In my western novels, I enjoy using as many historical figures as I can, and while I will usually adapt them to fit the story line, I try to keep them as historically accurate as possible. Part of the fun of using real people from history is learning their story during the research process, and never was this more true than when I researched Benjamin McCulloch for my second novel, Hell and Half of Texas. Like many young men of the time, he came to Texas to fight for independence, and ended up helping to build the early history of his adopted state.
Benjamin McCulloch was born on November 11, 1811 in Rutherford County, Tennessee, though like many families of that time, the McCulloch’s moved between Tennessee, Mississippi, and Alabama as they sought to improve their circumstances. Ben’s father, Alexander, came from a prominent North Carolina family, but the Revolutionary War decimated much of the family’s wealth, and he managed to squander what little inheritance he did receive. By the time that Ben came along, the family could no longer afford to even educate their children, although several of his brothers were taught for a time by close family friend, Sam Houston.
Young Benjamin made his way the best he could, earning money by farming, hunting, and rafting, but he soon realized that his future lay beyond his home state. In 1835, Ben and his brother Henry, seeking adventure and a better life, followed another family friend, Davy Crockett, to Texas. Revolution was brewing in the Mexican Province, and many young men flocked from the United States to find their fortunes as Texians.
By the time that Ben and Henry arrived in Nacogdoches, Crockett had already moved south, and Ben set out for San Antonio by himself. In what may be the most fortunate cases of the measles in history, Ben McCulloch was delayed in reaching the Alamo, and by the time he was well enough to travel, the mission had already fallen to the Mexican Army.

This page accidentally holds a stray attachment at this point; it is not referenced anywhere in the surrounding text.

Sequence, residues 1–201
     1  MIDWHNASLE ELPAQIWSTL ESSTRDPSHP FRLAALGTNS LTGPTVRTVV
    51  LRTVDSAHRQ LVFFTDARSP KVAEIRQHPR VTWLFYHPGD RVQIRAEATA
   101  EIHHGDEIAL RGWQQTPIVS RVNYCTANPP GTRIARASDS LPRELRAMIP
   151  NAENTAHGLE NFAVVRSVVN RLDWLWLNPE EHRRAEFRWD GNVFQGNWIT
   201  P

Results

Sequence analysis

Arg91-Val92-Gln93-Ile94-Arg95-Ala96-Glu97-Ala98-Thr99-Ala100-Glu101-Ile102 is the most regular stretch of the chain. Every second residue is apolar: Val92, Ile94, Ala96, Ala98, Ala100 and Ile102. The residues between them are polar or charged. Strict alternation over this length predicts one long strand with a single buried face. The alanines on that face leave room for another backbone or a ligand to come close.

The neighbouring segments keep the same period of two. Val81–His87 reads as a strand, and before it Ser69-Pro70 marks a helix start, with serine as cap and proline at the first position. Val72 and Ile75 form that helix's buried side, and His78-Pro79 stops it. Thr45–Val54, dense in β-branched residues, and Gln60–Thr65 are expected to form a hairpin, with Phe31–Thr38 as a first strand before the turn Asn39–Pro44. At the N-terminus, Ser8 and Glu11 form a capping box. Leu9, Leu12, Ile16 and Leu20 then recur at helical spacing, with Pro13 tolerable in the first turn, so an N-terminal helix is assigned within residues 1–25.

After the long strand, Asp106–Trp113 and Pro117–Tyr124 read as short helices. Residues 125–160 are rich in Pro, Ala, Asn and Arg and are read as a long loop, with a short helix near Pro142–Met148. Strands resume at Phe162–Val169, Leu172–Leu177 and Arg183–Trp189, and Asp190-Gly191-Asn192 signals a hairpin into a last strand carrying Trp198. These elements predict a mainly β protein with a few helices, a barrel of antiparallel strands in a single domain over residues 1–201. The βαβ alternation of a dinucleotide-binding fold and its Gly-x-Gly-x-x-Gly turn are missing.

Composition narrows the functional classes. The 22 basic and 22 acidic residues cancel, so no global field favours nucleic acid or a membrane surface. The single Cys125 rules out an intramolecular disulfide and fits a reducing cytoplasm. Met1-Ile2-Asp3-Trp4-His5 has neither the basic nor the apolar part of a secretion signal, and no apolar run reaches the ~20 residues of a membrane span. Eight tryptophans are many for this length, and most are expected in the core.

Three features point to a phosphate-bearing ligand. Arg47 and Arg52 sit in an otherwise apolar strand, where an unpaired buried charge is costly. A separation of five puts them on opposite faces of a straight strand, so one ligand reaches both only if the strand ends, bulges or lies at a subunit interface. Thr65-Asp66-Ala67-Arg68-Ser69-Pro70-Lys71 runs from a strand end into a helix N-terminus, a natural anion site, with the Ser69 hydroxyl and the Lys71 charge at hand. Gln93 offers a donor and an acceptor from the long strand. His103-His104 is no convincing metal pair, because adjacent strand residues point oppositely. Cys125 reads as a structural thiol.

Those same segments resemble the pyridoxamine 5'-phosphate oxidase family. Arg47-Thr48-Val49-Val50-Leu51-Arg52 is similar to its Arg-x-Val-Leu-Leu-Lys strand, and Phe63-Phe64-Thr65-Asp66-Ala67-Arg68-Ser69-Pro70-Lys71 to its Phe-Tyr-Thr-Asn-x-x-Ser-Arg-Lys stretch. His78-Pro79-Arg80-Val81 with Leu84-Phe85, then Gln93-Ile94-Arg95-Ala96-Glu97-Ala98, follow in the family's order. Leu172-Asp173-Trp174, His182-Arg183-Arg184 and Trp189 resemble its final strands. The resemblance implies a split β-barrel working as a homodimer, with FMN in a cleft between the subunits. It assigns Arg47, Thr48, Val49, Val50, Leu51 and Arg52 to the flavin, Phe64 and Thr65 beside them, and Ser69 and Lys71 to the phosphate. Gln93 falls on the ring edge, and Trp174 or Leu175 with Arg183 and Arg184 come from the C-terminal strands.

Having avoided the massacre at the Alamo, McCulloch joined Sam Houston’s army, who was currently staying just one step ahead of the pursuing Mexican forces. At the battle of San Jacinto, Ben commanded one of the Twin Sister cannons, and distinguished himself so much in the eyes of Houston that he was given a battlefield promotion to First Lieutenant.
After the Revolution, Ben joined the Texas Rangers under John Coffee Hays where he distinguished himself as an able scout and Indian fighter. As a ranger, he made such a name for himself, that in 1839, he ran for and won election to the House of Representatives for the new Republic of Texas. The campaign was contentious, and resulted in a dispute with Rueben Ross, with whom McCulloch fought a rifle duel. During the duel, Ben was wounded in the right arm, which remained crippled for the rest of his life.